President Barack Obama offers his “deepest apologies” for the deaths of the two aid workers, an American and an Italian.
President Barack Obama has said he “profoundly regrets” the accidental deaths of two hostages in a US counter-terrorism operation in January on the Pakistan-Afghan border, Sky News reports. The aid workers were Dr Warren Weinstein, a 73-year-old American held since 2011, and Giovanni Lo Porto, an Italian abducted in 2012. “Based on the intelligence that we had obtained at the time, including hundreds of hours of surveillance, we believed that this was an al Qaeda compound, that no civilians were present,” Mr Obama told a White House news conference.
Terrorists were also killed in the raid, he added. As a husband and as a father,” Mr Obama said, “I cannot begin to imagine the anguish that the Weinstein and Lo Porto families are enduring today.” He continued: “As president and commander in chief, I take full responsibility for all our counter-terrorism operations. “I profoundly regret what happened.
“On behalf of the United States government I offer our deepest apologies to their families.” Two other Americans – both al Qaeda leaders – were killed in US raids in the same region, said the White House. One of them, Ahmed Farouq, died in the same operation that resulted in the deaths of Dr Weinstein and Mr Lo Porto, said the White House. The other one, Adam Gadahn, was killed probably in a separate raid in January, it added. The White House statement said neither Farouq nor Gadahn were specifically targeted.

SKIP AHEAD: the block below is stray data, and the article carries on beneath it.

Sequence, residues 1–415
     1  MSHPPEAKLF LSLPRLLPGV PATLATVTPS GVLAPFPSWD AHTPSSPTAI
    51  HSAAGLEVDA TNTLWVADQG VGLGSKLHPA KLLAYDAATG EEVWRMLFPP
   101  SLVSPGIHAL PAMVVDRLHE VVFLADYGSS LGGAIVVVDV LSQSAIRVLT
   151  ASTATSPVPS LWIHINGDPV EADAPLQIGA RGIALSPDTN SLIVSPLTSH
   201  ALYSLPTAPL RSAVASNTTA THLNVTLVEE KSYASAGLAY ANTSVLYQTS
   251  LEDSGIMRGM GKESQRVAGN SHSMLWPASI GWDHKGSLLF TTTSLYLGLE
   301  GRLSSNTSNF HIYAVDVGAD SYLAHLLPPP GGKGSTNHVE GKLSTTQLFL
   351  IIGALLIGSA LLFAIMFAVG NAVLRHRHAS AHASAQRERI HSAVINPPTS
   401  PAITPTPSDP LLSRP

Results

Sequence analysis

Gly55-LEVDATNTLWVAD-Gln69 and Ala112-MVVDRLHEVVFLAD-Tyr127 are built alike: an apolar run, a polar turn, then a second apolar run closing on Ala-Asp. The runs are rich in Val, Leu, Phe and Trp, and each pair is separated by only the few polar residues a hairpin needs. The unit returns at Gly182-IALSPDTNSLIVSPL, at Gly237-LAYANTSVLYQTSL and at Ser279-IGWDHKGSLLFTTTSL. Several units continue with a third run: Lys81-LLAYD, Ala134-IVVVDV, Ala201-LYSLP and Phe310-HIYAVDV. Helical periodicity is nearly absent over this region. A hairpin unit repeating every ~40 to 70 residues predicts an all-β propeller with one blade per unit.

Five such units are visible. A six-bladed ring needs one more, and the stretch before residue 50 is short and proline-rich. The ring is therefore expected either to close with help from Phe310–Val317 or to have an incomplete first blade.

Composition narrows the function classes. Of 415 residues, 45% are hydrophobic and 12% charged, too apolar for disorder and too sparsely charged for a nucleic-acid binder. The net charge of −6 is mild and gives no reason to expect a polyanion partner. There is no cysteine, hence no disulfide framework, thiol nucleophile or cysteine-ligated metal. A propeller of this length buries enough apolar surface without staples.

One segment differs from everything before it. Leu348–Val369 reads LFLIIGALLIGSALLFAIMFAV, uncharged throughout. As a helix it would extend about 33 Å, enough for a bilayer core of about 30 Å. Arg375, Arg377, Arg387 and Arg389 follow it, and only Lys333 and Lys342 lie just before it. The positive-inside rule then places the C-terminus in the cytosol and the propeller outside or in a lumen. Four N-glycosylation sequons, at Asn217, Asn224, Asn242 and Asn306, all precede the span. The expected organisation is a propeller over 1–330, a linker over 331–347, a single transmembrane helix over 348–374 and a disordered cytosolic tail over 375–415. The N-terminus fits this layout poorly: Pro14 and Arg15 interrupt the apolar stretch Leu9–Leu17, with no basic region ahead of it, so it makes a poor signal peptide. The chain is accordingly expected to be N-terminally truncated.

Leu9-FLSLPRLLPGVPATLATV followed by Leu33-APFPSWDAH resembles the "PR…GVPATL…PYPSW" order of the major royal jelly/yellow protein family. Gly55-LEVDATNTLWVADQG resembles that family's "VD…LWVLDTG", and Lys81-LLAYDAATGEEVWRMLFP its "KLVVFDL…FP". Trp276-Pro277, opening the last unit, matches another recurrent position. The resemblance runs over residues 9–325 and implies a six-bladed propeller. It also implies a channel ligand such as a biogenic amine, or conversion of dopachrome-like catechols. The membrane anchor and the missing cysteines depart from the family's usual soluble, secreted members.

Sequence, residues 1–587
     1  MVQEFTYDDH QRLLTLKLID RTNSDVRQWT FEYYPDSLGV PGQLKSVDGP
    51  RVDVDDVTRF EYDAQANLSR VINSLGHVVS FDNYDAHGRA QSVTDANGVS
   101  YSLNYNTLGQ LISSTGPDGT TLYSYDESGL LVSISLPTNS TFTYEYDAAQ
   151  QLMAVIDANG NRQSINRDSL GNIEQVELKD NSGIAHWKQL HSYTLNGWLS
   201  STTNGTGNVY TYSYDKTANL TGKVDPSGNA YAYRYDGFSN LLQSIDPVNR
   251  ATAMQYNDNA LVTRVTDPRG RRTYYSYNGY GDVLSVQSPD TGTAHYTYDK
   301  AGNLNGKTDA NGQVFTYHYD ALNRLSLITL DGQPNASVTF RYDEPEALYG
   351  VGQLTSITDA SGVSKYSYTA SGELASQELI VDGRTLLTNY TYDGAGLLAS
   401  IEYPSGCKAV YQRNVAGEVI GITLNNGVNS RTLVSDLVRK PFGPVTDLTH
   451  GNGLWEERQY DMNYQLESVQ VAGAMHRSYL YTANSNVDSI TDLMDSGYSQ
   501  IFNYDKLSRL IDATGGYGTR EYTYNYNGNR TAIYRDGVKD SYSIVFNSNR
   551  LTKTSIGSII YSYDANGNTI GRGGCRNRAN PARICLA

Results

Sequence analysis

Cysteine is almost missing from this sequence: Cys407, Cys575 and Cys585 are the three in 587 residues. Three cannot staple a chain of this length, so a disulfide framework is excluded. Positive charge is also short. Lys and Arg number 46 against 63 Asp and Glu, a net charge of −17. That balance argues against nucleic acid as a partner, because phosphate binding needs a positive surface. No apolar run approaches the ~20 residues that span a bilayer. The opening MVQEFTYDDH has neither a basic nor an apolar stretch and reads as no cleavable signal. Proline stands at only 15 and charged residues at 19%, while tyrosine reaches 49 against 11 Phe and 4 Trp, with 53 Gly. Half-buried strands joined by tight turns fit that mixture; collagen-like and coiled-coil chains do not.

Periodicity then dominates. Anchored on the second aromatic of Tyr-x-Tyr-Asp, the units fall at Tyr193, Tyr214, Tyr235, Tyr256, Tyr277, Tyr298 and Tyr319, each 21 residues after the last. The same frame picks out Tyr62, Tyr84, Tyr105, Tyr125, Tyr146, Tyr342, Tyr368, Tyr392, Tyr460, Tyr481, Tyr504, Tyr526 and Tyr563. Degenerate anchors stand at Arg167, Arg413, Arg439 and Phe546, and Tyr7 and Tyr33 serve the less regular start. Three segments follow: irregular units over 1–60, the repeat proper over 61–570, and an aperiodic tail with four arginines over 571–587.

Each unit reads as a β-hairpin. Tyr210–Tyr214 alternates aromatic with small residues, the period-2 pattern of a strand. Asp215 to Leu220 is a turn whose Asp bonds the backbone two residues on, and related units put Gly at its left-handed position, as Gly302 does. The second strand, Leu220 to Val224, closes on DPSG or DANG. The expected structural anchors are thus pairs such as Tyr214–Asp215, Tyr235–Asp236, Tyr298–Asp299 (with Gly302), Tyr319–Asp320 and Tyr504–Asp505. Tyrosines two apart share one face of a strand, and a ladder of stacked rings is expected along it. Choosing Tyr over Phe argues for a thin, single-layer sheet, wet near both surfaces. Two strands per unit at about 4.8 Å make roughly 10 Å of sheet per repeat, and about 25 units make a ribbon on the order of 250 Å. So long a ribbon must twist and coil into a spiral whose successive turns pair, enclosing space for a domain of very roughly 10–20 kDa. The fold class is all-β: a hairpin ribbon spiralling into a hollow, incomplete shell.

American intelligence apparently had no information suggesting the pair’s presence at the site of the raids. US government sources said the operations involved drone strikes. Mr Lo Porto, a former student at London Metropolitan University, was snatched soon after arriving to work in Pakistan’s Punjab region in January 2012. Dr Weinstein, of Rockville, Maryland, was abducted after gunmen tricked their way into his home in Lahore in August 2011.
He was four days away from returning home after seven years in Pakistan. Dr Weinstein was working as a business development expert on contract with the US Agency for International Development. In a hostage video, he asked the US to free al Qaeda prisoners and said he felt “totally abandoned and forgotten”. His wife, Elaine Weinstein, issued a statement blaming al Qaeda for her husband’s death. “The cowardly actions of those who took Warren captive and ultimately to the place and time of his death are not in keeping with Islam and they will have to face their God to answer for their actions,” she said.